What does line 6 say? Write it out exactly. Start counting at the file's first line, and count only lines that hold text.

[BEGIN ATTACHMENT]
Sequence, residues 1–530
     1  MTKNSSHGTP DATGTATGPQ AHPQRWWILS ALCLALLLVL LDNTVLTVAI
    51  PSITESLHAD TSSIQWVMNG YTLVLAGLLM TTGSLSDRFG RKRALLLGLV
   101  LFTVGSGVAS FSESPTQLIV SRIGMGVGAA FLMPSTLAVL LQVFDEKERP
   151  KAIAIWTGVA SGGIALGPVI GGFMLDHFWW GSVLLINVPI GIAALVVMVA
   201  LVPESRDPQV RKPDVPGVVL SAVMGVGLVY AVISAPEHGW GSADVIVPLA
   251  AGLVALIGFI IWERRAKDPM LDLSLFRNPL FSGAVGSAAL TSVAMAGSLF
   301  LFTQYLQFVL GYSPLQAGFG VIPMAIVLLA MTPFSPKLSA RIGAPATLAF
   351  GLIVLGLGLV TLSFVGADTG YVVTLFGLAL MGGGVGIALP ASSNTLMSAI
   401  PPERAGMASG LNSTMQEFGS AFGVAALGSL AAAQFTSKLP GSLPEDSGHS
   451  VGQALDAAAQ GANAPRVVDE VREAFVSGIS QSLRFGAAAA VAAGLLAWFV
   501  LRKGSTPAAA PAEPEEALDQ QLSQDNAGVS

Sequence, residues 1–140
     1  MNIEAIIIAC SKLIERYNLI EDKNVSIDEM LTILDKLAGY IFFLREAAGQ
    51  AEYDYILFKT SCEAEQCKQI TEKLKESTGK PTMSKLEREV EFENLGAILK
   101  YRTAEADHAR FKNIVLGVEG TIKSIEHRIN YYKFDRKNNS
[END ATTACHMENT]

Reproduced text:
   201  LVPESRDPQV RKPDVPGVVL SAVMGVGLVY AVISAPEHGW GSADVIVPLA